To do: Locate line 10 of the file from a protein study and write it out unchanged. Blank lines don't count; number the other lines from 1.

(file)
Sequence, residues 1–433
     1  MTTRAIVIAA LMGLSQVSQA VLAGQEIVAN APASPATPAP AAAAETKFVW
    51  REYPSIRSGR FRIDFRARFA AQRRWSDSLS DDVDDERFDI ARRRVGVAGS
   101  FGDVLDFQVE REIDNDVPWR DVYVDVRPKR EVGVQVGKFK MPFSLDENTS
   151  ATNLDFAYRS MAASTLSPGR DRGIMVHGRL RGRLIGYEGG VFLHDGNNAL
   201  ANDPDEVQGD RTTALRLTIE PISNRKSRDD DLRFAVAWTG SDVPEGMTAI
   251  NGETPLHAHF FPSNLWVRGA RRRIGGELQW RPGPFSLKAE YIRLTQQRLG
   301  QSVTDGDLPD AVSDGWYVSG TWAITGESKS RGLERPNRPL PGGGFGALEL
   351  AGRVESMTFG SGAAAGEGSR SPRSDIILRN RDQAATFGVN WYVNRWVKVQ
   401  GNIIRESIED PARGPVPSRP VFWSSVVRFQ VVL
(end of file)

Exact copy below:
   401  GNIIRESIED PARGPVPSRP VFWSSVVRFQ VVL